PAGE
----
It took about 15 minutes of slamming the dough but it finally became smooth and silky.

Then you put the dough in a bowl.

Cover the bowl with a cloth and let it proof for 1 1/2 hours.

It only took a little over an hour for my dough to proof because my kitchen was really warm.  This time, I didn't fold it halfway through as suggested by the book. 

Then I carefully removed the dough from the bowl to the counter.

And divided the dough into 4 equal portions.

Then I shaped each piece into a baguette and placed the baguettes on a couche and covered them with plastic to proof for about an hour.  

Once the loaves had proofed, I scored them using a serrated knife.

I baked them about 25 minutes on a baking stone that had been preheated in a 475 degrees oven.  I used a steam pan underneath and also spritzed the sides of the oven with water three times during the first 10 minutes of baking.

Here are the finished Poolish Baguettes.  They tasted really good, but I think I like the Baguettes with Pâte Fermentée the best.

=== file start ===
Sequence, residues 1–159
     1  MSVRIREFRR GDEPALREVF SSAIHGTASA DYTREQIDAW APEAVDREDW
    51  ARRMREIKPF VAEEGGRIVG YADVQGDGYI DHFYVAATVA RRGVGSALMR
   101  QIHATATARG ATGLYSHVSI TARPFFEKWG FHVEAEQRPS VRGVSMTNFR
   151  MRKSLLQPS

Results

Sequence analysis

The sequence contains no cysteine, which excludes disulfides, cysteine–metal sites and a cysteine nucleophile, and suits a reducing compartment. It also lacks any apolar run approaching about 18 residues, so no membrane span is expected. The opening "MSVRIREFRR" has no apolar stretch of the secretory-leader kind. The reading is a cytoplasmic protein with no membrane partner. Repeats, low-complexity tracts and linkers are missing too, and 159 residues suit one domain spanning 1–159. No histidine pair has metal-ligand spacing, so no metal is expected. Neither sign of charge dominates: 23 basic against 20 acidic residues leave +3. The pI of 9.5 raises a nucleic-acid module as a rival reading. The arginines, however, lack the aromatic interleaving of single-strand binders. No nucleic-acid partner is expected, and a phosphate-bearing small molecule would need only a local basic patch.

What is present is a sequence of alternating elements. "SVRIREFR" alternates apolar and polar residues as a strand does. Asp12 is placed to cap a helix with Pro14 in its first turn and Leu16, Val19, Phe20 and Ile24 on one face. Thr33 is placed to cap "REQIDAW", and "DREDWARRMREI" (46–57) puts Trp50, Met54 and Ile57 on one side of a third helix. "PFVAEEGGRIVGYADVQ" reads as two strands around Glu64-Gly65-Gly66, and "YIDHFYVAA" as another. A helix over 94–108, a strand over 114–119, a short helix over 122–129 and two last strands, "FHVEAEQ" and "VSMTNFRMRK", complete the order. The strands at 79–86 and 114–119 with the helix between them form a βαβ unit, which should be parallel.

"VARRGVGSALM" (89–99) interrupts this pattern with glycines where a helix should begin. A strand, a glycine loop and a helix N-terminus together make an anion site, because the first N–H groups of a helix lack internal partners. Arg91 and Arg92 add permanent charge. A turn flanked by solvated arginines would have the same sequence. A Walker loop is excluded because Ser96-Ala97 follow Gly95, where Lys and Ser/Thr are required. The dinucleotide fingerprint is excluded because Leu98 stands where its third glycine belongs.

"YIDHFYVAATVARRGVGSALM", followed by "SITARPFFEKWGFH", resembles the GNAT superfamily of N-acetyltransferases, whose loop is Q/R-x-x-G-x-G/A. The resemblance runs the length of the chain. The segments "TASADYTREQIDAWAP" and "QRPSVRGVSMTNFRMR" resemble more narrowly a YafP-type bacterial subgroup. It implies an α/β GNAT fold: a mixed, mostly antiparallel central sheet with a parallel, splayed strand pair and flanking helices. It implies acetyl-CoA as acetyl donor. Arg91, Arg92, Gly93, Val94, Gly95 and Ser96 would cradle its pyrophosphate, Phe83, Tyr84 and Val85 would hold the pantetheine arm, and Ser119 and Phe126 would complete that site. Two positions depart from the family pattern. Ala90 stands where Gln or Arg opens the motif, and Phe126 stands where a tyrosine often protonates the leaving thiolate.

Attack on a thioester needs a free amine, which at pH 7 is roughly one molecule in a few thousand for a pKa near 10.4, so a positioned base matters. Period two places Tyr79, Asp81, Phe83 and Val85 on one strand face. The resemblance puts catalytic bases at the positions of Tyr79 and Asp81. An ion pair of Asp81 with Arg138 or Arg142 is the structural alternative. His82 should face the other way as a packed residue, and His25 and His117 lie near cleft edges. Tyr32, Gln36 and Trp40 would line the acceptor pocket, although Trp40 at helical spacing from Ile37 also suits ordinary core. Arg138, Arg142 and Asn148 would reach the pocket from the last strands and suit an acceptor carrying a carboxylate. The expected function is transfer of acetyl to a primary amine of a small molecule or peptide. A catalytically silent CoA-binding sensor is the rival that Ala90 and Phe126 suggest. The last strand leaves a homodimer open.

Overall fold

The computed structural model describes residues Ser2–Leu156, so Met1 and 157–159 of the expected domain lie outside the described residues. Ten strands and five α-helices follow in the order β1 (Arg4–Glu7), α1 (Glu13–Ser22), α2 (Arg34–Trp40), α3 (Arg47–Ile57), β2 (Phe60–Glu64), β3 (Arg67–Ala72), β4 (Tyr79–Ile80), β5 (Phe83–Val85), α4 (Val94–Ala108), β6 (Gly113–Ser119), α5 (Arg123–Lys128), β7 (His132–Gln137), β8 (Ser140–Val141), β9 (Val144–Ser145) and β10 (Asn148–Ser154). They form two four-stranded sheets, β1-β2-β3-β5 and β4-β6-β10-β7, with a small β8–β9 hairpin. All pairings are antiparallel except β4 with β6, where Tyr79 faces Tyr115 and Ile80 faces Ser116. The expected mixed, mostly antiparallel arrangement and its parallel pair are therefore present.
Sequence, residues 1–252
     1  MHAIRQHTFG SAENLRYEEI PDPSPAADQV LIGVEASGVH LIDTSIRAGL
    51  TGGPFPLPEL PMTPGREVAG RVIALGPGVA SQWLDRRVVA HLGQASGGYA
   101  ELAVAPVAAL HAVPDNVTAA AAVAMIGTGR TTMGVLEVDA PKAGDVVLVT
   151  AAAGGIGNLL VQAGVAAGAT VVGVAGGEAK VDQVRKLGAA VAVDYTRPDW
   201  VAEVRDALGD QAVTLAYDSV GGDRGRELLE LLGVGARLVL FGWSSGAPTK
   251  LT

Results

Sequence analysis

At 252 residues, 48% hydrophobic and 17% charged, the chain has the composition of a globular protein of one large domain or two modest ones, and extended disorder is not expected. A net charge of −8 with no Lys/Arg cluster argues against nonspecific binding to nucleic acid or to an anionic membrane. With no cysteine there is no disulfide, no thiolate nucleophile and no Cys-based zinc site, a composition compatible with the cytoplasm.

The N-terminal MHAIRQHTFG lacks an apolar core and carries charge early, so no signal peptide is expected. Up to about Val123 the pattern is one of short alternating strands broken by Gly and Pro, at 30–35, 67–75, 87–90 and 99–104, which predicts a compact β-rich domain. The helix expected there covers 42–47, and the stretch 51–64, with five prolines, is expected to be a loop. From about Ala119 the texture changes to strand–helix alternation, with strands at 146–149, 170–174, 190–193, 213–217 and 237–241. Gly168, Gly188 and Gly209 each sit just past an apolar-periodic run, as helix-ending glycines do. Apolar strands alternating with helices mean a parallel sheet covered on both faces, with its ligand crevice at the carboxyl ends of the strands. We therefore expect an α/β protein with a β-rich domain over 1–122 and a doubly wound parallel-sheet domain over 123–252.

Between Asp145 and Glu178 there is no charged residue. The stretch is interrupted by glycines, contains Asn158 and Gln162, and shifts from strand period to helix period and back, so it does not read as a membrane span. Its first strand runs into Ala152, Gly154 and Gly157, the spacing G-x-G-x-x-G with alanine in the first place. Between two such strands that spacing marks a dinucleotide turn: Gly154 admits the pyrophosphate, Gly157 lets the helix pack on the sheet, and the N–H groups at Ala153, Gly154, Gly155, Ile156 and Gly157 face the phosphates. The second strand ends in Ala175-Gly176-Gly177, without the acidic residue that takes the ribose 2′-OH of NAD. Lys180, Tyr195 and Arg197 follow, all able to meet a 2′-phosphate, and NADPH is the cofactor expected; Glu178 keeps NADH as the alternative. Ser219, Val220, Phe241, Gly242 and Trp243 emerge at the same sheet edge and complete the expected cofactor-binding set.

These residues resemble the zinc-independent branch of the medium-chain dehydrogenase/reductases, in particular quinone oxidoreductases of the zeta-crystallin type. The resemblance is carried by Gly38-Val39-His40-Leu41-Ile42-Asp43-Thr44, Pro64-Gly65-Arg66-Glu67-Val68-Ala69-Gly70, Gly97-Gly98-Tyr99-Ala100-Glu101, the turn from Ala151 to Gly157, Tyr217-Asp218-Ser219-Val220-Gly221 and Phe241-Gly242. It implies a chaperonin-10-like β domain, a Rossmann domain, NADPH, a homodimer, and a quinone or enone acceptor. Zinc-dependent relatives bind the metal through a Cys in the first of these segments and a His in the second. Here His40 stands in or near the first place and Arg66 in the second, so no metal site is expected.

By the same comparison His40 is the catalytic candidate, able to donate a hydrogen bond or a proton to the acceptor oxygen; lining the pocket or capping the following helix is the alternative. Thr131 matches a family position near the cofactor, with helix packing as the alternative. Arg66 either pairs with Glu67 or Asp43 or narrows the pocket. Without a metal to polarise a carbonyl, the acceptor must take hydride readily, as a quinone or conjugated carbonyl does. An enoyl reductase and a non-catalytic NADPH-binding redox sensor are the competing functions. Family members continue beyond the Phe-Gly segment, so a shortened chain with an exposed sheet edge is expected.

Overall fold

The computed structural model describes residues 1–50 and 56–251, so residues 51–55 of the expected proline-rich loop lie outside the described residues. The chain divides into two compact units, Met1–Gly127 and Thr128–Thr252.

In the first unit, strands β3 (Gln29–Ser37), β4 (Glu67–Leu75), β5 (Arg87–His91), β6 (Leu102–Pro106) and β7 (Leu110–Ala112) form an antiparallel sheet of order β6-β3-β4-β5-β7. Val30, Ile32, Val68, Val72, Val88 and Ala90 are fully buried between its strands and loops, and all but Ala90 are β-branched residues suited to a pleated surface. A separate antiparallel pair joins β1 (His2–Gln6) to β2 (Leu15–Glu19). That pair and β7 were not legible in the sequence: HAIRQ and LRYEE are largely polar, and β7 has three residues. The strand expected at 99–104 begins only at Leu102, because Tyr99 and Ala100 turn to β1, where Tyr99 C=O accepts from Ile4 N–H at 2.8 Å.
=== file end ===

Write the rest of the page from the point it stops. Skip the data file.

Thanks for joining me for my baguette-making experience. Be sure to check out what all the other bakers have been up to in the Mellow Bakers group.

Happy Baking!

The Mellow Bakers group was started by Paul at Yumarama. We’re baking breads from Bread: A Baker’s Book of Techniques and Recipes by Jeffrey Hamelman.

Tuesday, 24 August 2010

Cultured Butter and Buttermilk

This month, the Artisan Bread Bakers substituted B for Butter instead of Bread for the Bread of the Month (BOM).  We made Cultured Butter to go with all the delicious bread we like to bake and enjoy. I like bread and butter so this sounded like an great idea to me.

I've never made butter before. When I think about homemade butter, I have visions of women churning butter by hand.  That seems like a very long and tedious process to me so I was never inclined to partake in it.  That is, until I saw the directions for this cultured butter.  The mixer does most of the work. How easy is that. Oh! And did I mention that it tastes great!  In fact, I made some bread to go with the butter rather than the other way around.